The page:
A Step-By-Step Guide on How to Clean a Shark Vacuum
Is your Shark vacuum losing suction? One of the major reasons why this is happening may be attributed to how often you have cleaned it. While many of us love our vacuums, we tend to ignore them until something goes wrong.
Well, there is no need for that anymore. Why spend cash on repairs or replacements when we only need to care and maintain it properly?
In this article, we will be sharing a step-by-step guide on how to clean a Shark vacuum. By the time we are done, you’ll have picked up a few tips and your vacuum will be back to its usual efficient self.
How Often Should You Clean a Shark Vacuum?
According to the owner’s manual, which many of us don’t bother referring to, filters should be cleaned every three months.
The HEPA (high-efficiency particulate air) filter can run for two years without any trouble. In case you find its efficiency dwindling, you may want to clean or replace it sooner (source).
In essence, you’ll need to remember to clean your Shark vacuum four times yearly for it to do its job well. Then again, even with a Google calendar reminder, you might miss a date or two.
There are some signs that you can pick up from your Shark that say it’s time to clean the cleaner. These include:
- Reduced suction power.
- Unpleasant odor coming from the vacuum.
- The vacuum produces gasp-like sounds.
- The vacuum leaves dirt behind during cleaning.
The manufacturers boast that the Shark vacuums never lose suction, so if yours is, you may want to check how dirty it is.
Step-By-Step Guide on How to Clean a Shark Vacuum
There are several Shark models on the market, and it’s likely that the removable components are located in different places. You’ll need to consult your model-specific manual to know where to find these parts and how to remove them.
That said, the cleaning process is the same and will work for most models. Let’s get started.
- Mild detergent.
- Water and access to a sink or basin.
- A pair of scissors.
- Microfiber cloth.
- Soft brush.
- Two cups of vinegar and three tablespoons of baking soda.
- Gloves to protect your hands.
1. Unplug and Disassemble
Start by unplugging your vacuum cleaner. Ideally, you should clean the vacuum outdoors as there is dirt involved. Where possible, place a sheet or any other covering underneath the vacuum to avoid creating a messy heap.
Tip: As you remove various parts from the larger vacuuming component, memorize how they fit back in. It will save you precious time that will otherwise be used figuring out what part goes where.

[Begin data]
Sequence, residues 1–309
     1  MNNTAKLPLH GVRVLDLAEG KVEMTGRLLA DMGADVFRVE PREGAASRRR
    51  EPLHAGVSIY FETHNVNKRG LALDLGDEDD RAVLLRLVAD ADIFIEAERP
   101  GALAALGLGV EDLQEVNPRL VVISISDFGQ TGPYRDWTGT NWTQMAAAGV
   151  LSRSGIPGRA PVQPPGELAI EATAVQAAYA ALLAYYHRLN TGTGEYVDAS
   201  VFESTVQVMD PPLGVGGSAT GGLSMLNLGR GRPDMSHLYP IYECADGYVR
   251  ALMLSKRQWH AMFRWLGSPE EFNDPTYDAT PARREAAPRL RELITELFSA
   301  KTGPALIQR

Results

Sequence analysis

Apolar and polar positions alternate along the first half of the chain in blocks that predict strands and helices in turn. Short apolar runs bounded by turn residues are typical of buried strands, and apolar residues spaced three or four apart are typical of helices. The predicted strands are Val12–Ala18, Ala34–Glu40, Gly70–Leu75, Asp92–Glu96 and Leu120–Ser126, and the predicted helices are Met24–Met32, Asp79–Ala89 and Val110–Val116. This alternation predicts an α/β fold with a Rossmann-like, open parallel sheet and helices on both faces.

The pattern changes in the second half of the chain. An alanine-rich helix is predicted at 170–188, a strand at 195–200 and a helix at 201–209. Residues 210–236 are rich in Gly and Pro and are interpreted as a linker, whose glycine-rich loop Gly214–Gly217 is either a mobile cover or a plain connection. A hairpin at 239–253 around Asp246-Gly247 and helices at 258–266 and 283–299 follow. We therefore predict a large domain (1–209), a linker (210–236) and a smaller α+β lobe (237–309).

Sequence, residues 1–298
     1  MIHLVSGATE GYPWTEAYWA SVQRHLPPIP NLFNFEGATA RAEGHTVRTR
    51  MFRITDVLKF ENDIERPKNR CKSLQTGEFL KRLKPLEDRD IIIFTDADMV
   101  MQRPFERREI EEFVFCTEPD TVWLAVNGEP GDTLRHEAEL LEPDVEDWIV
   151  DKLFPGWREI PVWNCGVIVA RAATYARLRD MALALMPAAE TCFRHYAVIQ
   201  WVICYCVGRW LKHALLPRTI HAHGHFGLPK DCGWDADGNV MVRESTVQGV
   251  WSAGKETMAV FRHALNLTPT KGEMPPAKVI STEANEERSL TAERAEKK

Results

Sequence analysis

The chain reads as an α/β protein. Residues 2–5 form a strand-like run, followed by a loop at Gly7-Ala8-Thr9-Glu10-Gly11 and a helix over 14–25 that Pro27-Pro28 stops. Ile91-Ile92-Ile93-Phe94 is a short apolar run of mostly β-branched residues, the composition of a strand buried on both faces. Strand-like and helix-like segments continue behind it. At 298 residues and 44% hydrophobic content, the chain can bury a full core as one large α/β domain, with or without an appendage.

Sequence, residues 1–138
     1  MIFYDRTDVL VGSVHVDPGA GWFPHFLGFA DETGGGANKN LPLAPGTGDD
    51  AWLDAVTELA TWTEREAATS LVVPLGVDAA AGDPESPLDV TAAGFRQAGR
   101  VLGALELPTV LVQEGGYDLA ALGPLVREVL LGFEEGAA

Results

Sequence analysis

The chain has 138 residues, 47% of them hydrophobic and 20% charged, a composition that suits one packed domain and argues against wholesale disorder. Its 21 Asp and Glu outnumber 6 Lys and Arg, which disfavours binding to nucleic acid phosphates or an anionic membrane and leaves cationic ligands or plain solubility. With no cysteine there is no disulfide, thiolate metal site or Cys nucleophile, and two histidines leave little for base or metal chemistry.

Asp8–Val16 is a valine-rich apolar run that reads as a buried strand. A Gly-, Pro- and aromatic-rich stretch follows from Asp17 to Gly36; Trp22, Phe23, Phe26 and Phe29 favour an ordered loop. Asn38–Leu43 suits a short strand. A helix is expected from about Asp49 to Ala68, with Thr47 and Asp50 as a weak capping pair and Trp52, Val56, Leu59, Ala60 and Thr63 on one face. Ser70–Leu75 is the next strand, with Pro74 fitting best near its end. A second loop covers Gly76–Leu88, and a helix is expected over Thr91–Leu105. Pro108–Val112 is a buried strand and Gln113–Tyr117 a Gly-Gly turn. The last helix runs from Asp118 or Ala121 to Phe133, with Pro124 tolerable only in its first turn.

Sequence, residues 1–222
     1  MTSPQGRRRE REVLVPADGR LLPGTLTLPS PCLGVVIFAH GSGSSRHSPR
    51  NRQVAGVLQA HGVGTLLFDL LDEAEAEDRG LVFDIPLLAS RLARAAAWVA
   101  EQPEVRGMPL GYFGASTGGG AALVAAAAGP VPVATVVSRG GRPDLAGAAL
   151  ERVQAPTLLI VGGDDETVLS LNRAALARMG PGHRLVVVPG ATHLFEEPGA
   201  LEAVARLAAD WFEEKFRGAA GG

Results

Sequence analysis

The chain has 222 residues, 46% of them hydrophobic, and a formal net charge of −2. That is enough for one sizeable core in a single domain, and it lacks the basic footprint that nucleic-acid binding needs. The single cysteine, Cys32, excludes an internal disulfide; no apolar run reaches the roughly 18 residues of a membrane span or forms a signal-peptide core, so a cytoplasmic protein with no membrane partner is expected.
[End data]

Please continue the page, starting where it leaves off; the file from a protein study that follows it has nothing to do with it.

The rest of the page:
2. Empty the Dust Canister
Next, remove the canister from the unit and dispose of the dirt into a disposal bag. Soak the canister in soapy water and wash it using your microfiber cloth. Rinse it in cold water and allow it to air-dry.
Be sure the canister is completely dry. This may take around 24 hours.
Tip: Avoid reassembling the vacuum if any of the washed parts are still wet. It can cause mold to grow which may, in turn, cause respiratory problems and other allergic reactions (source).
3. Clean the Filters
Having removed the dirt canister from the larger vacuuming component, you’ll find the filters. Depending on your Shark vacuum model, the filters may be made of foam rubber. Additional filters may be made of felt.
Dunk the foam filters in soapy water and wash them thoroughly. It’s likely that the filters will look stained even after a good scrub. The important thing to remember is that they are clean.
Shark doesn’t recommend washing felt filters as they can get damaged easily. Tap them gently to loosen the dirt and wipe them clean.
If you choose to wash yours, soak them in soapy water just like their foam counterparts but wash them lightly and carefully. Remember you’ll be doing this at your own risk.
Rinse the soap off the filters until the water runs clear. Any soap that lingers in the filters will attract dirt fast and your filter will clog again in no time. It’s just the way soap works (source).